Robin Hood in Legend
Robin Hood was a constant friend of the poor and oppressed, even though he never led them in an uprising to overthrow the Norman lords in his lifetime. He was generous and giving in times of need and quick to avenge any wrongs done to the peasants. Did he really succor the poor? Or was he only a vicious and desperate man, lining his own pockets? A case can be made for both claims, based on the ballads. He was still an outlaw for all that, so was constantly in danger. His quick wits, daring, and the bold loyalty of his friends enabled him to reach old age in the end. He lived by robbing the rich of their gold and the king of his forest game. He lived a merry and exciting life deep in the forests of Sherwood, roaming wherever he wanted with like-minded outlaws. But again, did he really? Living full time in a forest is not a game for children. The life was rough and food was not always easily come by. The weather would have been a major factor; cold rain and winter snow would have made the conditions harsh, probably killing quite a few of the outlaws. Sickness and hygiene has to be brought to mind, too. In medieval times, even such a thing as a cold could turn deadly. Medicine was almost non-existent and "bleeding" to ease the humors of the body was common. Such a thing would kill an already weak person. Among his enemies were the sheriffs who enforced the harsh laws, the forest rangers, the wealthy churchmen, and of course, the Norman Lords. For these, he had no mercy, attacking and robbing them at every chance. His trickery was a legend in itself. And while he could be captured, as is seen in the ballad of Robin Hood and the Monk, he was never caught for long. His friends were loyal and freed him. Robin died at last through the treachery of the Prioress of Kirklees. He fell ill (or was wounded), and because she was noted for her skill in healing, Robin was brought to her. She bled him to death. She is said to have done this in order to avenge the churchmen he had robbed, or because she was asked to do so by Sir Roger of Doncaster, her lover. Another version of this tale has Robin and the Prioress related. She didn't like his outlaw ways and killed him for that reason. For whatever reason, Robin died slowly from loss of blood. According to one account of his death, he managed to call his closest friend, Little John, to his side by way of blowing his horn. Little John wanted to slay the Prioress, but Robin refused his request.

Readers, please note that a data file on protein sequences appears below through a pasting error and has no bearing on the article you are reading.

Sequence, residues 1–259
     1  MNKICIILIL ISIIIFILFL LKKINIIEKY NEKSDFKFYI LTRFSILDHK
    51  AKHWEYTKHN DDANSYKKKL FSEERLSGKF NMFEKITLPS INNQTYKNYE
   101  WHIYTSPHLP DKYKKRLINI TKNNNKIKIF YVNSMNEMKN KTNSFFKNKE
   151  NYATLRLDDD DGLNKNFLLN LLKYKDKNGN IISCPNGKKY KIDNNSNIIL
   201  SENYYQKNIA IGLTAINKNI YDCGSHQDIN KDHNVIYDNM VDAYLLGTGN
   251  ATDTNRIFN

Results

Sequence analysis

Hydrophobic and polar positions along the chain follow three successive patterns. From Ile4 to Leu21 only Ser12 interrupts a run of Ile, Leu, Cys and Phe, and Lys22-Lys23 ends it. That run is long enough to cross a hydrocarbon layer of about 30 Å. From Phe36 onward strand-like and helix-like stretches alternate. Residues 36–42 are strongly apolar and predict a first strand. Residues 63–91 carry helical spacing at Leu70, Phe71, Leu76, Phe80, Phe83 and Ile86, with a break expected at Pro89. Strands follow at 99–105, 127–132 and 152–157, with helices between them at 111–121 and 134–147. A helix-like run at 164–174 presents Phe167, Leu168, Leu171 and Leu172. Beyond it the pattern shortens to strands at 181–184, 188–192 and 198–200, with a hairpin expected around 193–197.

Ďaľšie referáty z kategórie
Robin Hood the Legend
|Referát vhodný pre:||Stredná odborná škola||Počet A4:||1.5|
|Priemerná známka:||2.95||Rýchle čítanie:||2m 30s|
|Pomalé čítanie:||3m 45s|